Publication Date


Type of Culminating Activity


Degree Title

Master of Science in Geophysics



Major Advisor

Lee M. Liberty


I present marine seismic reflection results from Prince William Sound, Alaska that document the location of active faults related to the subduction zone processes.

Subduction zones along convergent margins experience large earthquakes, magnitude >8, with recurrence intervals on the order of centuries. Smaller magnitude earthquakes with shorter recurrence intervals are probable along the same subduction zone fault zones. Convergent margin earthquakes also are associated with high uplift rates and tsunami generation, yet the location and uplift history of most tsunamigenic faults are unknown. In this thesis, I present the processed results of high resolution marine seismic reflection data of Prince William Sound (PWS), Alaska. I then use these results to create a new tectonic model for the region that constrains fault histories, earthquake hazards, and distribution of active faults within a megathrust subduction zone system.

The epicenter of the M9.2 Great Alaska Earthquake of 1964 was in northern PWS. This earthquake caused tsunamis that impacted shoreline communities as far as California. Earthquake damage and local tsunamis affected towns and infrastructure throughout the PWS region. Future earthquakes may occur independently on these faults or they may rupture only during a large earthquake.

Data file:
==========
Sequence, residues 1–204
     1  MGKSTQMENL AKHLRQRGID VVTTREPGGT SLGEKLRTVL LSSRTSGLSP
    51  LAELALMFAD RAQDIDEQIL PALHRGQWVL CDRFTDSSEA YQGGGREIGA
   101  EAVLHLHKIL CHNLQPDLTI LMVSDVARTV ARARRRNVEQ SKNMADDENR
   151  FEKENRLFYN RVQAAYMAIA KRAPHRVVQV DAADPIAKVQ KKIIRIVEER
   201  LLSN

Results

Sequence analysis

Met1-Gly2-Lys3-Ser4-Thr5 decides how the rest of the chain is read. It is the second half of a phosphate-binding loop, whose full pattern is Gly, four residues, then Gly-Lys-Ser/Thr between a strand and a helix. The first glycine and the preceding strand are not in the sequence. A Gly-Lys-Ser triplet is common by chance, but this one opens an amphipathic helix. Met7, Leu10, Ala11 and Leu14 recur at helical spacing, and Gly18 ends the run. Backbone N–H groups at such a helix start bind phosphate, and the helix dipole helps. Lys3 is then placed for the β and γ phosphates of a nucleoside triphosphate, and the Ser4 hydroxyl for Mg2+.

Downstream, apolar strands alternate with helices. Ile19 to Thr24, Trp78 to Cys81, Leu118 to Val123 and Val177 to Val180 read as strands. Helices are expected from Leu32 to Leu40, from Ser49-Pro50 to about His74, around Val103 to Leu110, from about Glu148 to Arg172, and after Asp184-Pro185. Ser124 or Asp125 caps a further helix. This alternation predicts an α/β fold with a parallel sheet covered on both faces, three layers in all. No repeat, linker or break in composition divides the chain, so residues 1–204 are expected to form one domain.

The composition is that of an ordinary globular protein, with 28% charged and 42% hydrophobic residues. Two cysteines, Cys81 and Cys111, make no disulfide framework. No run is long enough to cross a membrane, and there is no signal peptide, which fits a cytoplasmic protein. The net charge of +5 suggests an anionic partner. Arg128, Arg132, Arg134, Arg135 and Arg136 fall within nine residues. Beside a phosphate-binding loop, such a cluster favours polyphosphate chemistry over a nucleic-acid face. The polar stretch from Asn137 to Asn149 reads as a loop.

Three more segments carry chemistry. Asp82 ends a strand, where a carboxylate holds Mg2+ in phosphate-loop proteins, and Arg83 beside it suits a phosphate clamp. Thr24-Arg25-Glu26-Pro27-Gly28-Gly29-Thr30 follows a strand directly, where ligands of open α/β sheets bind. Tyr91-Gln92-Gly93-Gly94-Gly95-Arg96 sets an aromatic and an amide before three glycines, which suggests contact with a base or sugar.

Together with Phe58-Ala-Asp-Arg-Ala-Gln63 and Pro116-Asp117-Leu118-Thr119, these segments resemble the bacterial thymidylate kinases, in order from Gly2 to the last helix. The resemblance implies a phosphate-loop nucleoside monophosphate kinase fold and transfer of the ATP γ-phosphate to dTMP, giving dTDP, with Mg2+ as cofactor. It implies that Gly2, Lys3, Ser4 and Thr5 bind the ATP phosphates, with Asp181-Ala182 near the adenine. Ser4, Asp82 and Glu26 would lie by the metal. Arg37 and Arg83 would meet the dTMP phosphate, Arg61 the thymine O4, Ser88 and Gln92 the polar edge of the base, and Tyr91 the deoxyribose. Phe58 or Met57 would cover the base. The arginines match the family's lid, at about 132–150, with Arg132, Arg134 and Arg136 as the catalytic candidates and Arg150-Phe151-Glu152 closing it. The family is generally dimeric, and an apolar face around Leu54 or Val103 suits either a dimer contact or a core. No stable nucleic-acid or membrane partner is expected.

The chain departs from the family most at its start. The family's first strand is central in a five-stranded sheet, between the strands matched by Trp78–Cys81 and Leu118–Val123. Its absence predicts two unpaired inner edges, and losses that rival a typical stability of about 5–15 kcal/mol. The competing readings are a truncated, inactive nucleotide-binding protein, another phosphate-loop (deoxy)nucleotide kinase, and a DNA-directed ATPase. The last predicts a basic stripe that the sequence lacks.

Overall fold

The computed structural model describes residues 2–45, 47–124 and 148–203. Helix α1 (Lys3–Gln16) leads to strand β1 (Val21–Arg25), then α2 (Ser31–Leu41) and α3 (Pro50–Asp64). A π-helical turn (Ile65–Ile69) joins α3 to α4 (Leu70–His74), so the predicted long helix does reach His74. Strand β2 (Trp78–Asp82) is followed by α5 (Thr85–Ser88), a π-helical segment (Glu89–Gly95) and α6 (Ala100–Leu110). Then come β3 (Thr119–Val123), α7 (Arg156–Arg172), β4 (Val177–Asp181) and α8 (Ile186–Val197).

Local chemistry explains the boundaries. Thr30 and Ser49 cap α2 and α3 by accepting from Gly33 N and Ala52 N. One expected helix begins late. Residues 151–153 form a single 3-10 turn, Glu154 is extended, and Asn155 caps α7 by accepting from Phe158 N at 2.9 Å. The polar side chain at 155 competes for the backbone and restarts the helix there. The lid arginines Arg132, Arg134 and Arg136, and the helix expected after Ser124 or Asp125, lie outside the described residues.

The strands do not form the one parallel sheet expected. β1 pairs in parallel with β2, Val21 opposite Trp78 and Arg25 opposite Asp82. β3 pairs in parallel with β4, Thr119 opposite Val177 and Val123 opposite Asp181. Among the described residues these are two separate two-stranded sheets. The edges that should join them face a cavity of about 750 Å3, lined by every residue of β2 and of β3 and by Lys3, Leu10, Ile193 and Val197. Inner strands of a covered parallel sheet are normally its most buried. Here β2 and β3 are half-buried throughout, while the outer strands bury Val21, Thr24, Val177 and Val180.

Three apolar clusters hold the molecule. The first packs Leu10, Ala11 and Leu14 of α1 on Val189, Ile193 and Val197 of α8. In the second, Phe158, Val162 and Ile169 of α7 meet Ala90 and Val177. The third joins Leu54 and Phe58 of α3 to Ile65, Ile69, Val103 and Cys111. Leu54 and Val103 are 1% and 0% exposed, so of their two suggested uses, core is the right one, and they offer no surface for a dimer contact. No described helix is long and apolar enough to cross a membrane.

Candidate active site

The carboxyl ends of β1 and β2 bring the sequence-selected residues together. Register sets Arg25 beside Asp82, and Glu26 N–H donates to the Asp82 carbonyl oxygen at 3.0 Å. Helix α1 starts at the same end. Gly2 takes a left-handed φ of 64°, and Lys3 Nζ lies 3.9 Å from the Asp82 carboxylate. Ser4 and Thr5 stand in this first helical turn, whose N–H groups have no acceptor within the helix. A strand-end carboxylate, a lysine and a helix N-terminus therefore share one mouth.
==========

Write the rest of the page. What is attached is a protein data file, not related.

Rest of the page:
Data were collected in four locations within PWS: Gravina Bay, Orca Bay, Hinchinbrook Entrance, and Montague Strait. Seismic results show high angle faults that offset three primary stratigraphic layers (Holocene, older Quaternary, and Tertiary). Regionally extensive bathymetric lineations connect mapped faults on seismic reflection profiles to define fault lengths that are a proxy for maximum earthquake magnitude. Bathymetric lineations where bedrock surfaces on the sea floor help identify additional active or relic faults. Megathrust splay faults that control motion along the subduction plate boundary surface on Montague Island and recorded the greatest offset during the M9.2 Great Alaska Earthquake of 1964. I interpret Montague Island as the outerarc high of the subduction zone system and suggest splay faults may extend across PWS. Lineations in Hinchinbrook Entrance represent the surface expression of splay faults identified in unpublished crustal seismic data. I interpret normal faults in Orca Bay and Montague Strait, within the forearc of the subduction zone, to form in the hanging wall of the main PWS splay fault that defines the outer arc high. I calculate slip rates along hanging wall normal faults of 1.8 m/kyr in Orca Bay and 6.25 m/kyr in Montague Strait. These faults may extend 40 km, potentially causing an independent M7 earthquake that could damage local infrastructure. Furthermore, landslides identified in Orca Bay and Montague Strait demonstrated a potential hazard from local tsunamis within these locations.